Posts Tagged ‘ Steven Spielberg ’

Lincoln

Abraham Lincoln.

The mere mention that name brings thoughts of the Civil War, honesty, and freedom of slaves. Oft forgotten though, is his work of the 13th Amendment, which truly granted slaves freedom. Not the Emancipation Proclamation.

This film tells the story of how Lincoln worked to pass this amendment to our constitution. It shows the reasoning behind it, the politics involved, and the opposition to it. Some democrats in the Union refused to acknowledge black people as equal in the Nation. They fight long and hard to fail the amendment, as they argue the south will never surrender with slavery abolished. The amendment will prolong the war, and worse yet, completely divide the nation past the point of repair.We see a glimpse into how Abe lived his life during this short moment in history. We see his family. We see his cabinet. And most importantly, we see his personality brilliantly captured in a manner which not only compliments his virtues, but recognizes his flaws. He is a man, serving as president, in a divided country. He is Lincoln.

Things I liked

The star of this movie is of course Lincoln, and much of the movie is spent on how he lived in every aspect of life….
– Even thought Lincoln was president of the United states of America, family always came first. In cabinet meetings his son would drop in and Lincoln think nothing of it. His wife, Mary, still grieving over the loss of Willie, puts on the mask of a happy first lady, and supports Lincoln in his decisions. She will challenge him on his thoughts, but when his mind is made, she supports him completely. When the votes were being cast, Lincoln stayed at home with his son and spent the day with him. Over and over we see him placing family priorities above everything else in this movie.

– Lincoln was not as perfect a man as many of the history books make him out to be. He was wily and shrewd and could play politics with the best of them. That was not his usual Modus Operandi however. Often he would reason and talk to someone to achieve the desired goal or viewpoint. But when necessary, he acted in ways which were quite political and manipulative. At times we see him offer jobs of patronage for yes votes. One time he flat out lies the the representative assemble, an action deemed “Impeachable” by one of his advisors. I appreciated they made Lincoln a man who lived life. Not a man larger than life.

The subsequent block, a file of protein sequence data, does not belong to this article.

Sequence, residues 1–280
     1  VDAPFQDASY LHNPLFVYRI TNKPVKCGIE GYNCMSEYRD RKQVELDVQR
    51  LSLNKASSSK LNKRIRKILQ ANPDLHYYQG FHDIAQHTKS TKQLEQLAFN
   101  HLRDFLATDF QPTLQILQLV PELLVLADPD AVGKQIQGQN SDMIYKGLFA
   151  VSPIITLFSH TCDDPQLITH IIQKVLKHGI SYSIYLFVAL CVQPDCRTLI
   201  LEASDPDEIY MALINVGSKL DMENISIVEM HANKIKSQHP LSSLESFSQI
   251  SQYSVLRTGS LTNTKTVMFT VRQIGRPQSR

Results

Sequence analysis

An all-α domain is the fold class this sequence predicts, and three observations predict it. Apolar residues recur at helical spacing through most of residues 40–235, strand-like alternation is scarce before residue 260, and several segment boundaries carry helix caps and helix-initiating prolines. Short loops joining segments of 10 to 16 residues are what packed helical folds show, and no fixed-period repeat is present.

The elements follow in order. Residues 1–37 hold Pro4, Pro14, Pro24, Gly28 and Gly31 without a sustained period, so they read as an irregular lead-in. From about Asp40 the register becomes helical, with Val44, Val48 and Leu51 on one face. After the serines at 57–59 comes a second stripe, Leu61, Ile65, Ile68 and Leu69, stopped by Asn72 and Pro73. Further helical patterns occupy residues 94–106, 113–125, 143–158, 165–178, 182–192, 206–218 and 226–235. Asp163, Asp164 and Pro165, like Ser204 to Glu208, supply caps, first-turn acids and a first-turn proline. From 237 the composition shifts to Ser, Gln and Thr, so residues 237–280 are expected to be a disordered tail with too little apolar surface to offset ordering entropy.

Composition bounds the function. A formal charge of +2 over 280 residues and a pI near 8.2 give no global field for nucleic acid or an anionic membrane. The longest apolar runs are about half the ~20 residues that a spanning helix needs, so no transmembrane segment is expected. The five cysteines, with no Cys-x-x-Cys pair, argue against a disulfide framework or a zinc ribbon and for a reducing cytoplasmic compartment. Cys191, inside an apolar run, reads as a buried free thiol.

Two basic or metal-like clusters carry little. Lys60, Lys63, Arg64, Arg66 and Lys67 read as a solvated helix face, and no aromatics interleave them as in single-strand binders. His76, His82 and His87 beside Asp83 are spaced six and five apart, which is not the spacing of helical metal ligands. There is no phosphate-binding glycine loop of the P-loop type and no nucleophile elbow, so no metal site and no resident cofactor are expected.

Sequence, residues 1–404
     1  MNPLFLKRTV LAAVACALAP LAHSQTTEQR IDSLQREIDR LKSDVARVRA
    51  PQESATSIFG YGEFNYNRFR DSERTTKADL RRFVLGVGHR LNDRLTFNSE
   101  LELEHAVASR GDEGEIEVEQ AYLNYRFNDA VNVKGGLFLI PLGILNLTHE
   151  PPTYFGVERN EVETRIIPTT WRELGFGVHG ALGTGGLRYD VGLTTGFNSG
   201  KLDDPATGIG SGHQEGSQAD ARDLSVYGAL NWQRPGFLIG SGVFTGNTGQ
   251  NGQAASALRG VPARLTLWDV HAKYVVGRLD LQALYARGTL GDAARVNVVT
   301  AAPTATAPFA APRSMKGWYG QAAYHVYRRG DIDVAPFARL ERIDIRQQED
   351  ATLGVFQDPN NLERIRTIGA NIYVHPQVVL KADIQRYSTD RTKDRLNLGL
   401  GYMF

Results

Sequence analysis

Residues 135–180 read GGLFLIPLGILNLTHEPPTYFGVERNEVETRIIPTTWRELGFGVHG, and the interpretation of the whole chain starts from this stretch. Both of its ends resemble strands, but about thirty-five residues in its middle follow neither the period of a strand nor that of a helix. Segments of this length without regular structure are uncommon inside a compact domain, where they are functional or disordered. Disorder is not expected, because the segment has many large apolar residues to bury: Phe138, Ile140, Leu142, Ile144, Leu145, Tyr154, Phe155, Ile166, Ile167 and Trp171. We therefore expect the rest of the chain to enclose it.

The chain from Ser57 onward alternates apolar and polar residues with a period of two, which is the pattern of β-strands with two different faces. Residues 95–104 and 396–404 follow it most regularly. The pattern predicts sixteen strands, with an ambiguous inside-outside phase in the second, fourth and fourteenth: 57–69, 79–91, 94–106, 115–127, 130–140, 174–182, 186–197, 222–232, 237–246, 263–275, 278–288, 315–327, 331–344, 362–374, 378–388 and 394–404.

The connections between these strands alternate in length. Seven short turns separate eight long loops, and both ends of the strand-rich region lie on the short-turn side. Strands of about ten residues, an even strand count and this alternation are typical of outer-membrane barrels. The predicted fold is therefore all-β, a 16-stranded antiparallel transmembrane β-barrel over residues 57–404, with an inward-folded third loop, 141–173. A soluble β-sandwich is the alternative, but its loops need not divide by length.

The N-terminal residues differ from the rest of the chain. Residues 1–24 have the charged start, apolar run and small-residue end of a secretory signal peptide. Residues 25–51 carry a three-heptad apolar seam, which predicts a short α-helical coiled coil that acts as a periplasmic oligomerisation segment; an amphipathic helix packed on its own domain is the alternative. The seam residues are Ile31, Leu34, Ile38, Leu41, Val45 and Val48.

– Finally about the portrayal of Lincoln, was his personality and how he lead others. Manipulation was a rarity by him, though he would participate in it. We do see many commendable leadership traits by Lincoln. One such trait is his use of stories to communicate points. His use of appropriate humor to defused tense situations. His grace and teaching spirit. He gave one boy a pardon for laming his horse to avoid battle because “I don’t want to hang a boy for being frightened. What good would it be for him.”His meekness as president. His ability to accomplish goals by doing things himself. All of these traits are ones which are to be commended, and while he was not perfect, should be recognized for his strengths.

In addition to Lincoln and how he related to many aspects of the 13th amendment and family, I enjoyed the given perspective of the Civil War. Often slavery is wrongly portrayed as the main factor and basis for the Civil war, which is simply not True. The Vice President of the Confederate State of America said in the movie “You can’t take away our slaves and expect a complete surrender. You take away that and you destroy our economy. Our way of life. Our power. We won’t even know who we are anymore.” 

We are shown the civil was was not mainly about slavery, but about political power and economic security. I appreciated an accurate focus of the war, not twisted and warped into something it wasn’t.